Of the 2,228 on board, about 700 people survived the sinking of the Titanic. The low survival rate is mainly due to the lack of lifeboats on the ship, although other factors caused problems as well. Fear of passengers to get into the boats and be lowered down to the icy sea and distraught families who did not want to be separated also contributed to the disaster.
The number of people who survived the 1912 Titanic sinking is estimated at around 700 of the original 2,228 on board. A total of 337 passengers were in first class, 285 in second class and 721 in third class. In addition, there were 885 crew members.
Most of the survivors were women and children from the first and second class. This is logical, since first and second class passengers had accommodations closer to the deck and were able to get there more quickly, while third class passengers were housed in a lower area of the ship called steerage. Women in the crew also fared better than women in third class. Overall, only about 20 per cent of the men survived compared with 74 per cent of the women and 52 per cent of the children. All the children from first and second class survived, compared with only 34 per cent of those in third class.
- Most of the survivors were women and children from the first and second class.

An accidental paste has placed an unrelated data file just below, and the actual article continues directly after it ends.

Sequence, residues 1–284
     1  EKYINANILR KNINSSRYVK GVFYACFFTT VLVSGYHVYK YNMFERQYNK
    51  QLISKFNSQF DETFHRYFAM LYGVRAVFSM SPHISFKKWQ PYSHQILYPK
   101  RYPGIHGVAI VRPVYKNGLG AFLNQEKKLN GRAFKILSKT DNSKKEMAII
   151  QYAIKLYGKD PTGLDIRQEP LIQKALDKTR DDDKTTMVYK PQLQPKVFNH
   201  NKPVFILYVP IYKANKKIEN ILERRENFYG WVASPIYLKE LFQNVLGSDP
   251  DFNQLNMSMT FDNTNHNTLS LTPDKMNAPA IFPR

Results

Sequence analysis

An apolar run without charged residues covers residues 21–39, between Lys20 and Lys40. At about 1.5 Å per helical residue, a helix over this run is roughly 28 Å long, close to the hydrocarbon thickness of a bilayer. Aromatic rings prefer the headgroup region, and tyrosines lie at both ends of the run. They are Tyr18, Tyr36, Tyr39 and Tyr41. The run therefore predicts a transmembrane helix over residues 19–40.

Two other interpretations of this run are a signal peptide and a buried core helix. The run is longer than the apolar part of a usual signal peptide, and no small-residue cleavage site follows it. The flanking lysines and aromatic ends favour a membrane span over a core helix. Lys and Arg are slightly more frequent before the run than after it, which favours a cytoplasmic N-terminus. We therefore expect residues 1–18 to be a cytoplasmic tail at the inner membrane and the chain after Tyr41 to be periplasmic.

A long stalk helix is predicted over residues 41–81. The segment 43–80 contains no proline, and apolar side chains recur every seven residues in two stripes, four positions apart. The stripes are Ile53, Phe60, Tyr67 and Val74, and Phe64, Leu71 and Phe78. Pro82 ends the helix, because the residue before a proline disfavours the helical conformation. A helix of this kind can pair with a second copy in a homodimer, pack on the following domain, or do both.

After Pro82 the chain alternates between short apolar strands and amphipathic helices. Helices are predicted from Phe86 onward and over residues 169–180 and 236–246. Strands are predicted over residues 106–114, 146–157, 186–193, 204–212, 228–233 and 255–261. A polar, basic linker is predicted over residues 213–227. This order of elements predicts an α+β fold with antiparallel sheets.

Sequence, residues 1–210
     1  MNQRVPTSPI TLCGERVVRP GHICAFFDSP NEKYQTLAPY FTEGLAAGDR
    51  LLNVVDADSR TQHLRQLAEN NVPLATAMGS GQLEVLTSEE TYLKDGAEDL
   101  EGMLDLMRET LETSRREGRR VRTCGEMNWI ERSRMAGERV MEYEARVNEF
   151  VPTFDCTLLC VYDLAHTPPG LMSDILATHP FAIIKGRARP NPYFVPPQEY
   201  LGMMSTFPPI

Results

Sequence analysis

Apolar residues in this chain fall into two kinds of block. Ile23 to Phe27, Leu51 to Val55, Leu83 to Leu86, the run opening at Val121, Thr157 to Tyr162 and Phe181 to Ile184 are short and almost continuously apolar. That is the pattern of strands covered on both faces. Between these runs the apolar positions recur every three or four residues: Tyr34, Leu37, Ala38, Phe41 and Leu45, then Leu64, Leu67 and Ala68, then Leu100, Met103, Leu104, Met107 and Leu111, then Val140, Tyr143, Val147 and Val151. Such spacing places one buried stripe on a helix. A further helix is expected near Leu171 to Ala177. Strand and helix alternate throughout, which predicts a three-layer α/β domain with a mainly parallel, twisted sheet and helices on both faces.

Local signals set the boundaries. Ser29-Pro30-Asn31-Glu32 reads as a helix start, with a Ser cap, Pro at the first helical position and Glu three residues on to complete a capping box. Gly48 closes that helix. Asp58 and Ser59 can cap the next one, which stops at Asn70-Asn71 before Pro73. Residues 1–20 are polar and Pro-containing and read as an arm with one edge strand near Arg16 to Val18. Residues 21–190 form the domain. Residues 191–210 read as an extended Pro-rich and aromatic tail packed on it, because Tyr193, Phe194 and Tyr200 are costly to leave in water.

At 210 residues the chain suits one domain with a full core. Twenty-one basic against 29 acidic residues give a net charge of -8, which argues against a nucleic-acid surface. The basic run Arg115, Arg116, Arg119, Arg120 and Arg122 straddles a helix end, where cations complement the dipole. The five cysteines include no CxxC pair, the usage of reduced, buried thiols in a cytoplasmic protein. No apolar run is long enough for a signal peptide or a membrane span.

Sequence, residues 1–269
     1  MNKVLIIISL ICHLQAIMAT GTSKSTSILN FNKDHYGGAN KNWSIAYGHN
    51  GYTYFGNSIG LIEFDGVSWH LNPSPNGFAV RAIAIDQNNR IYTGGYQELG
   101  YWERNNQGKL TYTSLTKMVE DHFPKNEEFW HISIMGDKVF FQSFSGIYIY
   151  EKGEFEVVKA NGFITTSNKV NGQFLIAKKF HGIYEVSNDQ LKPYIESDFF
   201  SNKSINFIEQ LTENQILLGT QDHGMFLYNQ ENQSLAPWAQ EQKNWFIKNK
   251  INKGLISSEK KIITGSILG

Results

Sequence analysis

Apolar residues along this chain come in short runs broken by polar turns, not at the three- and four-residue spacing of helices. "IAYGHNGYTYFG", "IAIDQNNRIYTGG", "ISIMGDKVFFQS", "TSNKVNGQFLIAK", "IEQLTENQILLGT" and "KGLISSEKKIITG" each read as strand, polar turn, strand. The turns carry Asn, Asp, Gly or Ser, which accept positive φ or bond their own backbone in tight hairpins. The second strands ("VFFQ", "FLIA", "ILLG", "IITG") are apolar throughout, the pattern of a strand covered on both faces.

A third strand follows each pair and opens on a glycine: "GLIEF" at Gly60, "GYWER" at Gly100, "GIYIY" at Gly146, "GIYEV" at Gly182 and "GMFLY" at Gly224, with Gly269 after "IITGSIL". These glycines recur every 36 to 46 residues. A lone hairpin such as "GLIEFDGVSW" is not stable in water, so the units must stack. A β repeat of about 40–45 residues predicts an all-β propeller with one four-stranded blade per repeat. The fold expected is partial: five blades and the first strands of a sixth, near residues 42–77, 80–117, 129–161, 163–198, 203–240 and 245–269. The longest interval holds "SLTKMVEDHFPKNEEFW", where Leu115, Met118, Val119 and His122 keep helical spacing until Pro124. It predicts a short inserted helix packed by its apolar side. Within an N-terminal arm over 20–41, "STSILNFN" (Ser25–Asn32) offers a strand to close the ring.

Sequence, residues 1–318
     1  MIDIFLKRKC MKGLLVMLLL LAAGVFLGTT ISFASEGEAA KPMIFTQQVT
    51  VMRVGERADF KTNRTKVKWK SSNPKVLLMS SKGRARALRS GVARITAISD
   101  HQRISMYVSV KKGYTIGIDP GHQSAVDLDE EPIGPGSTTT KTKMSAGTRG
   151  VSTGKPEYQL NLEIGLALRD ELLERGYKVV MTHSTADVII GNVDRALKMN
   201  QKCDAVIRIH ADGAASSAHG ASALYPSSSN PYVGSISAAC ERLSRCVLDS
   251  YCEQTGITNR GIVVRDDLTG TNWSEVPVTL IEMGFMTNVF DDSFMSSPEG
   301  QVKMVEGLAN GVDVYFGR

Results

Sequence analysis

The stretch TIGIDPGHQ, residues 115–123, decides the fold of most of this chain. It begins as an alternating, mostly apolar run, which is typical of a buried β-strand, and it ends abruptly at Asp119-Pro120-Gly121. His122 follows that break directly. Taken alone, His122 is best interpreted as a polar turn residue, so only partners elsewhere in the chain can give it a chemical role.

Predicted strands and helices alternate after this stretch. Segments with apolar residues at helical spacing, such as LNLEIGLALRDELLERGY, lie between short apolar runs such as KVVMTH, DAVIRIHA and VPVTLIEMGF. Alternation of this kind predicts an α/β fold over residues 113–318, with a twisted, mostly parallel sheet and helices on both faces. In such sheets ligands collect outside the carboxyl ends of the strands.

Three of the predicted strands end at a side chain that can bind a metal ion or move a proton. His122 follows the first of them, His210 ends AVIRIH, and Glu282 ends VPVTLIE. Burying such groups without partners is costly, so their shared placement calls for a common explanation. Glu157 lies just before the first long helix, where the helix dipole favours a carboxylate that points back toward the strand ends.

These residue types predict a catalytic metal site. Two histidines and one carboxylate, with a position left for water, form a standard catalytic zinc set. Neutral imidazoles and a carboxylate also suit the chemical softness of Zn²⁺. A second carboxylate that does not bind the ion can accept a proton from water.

- All the children from first and second class survived, compared with only 34 per cent of those in third class.
The Titanic had the capacity to hold 32 lifeboats, but only 20 were actually on board. Management had decided that too many lifeboats would detract from aesthetics, and since the ship was supposed to be indestructible, they assumed lifeboats would not be needed. It should be noted that a decision like this was not uncommon for passenger ships and met Board of Trade regulations.
Several hundred more people could have been saved, but the lifeboats were not filled to capacity. First, some distraught families refused to be separated by the preferential treatment being shown to women and children. Second, many passengers were too fearful to get into a lifeboat in the dark night and be lowered 65 feet down to the icy water, especially since many believed the Titanic was invincible.
- Several hundred more people could have been saved, but the lifeboats were not filled to capacity.
- Second, many passengers were too fearful to get into a lifeboat in the dark night and be lowered 65 feet down to the icy water, especially since many believed the Titanic was invincible.
In addition, two of the four emergency collapsible boats floated away. One of these filled with water, and although about 20 people were able to get into it, at least half of those died from hypothermia before a lifeboat was able to come to their rescue. The second floated away upside down and was used as a life raft by about 25 people, mostly crew members.
Everyone who survived the disaster was on a lifeboat of some sort, including about 10 people who were brought onto lifeboats after jumping into the water.
The Titanic may not have sunk if the captain and the White Star Line chairman had decided to stay put after the ship hit the iceberg and wait for rescue. However, according to crew members, the chairman was anxious to get the ship to New York and prove the Titanic was unsinkable. The forward motion of the boat caused further extra damage which increased the flooding, and the pumps could not handle that much water.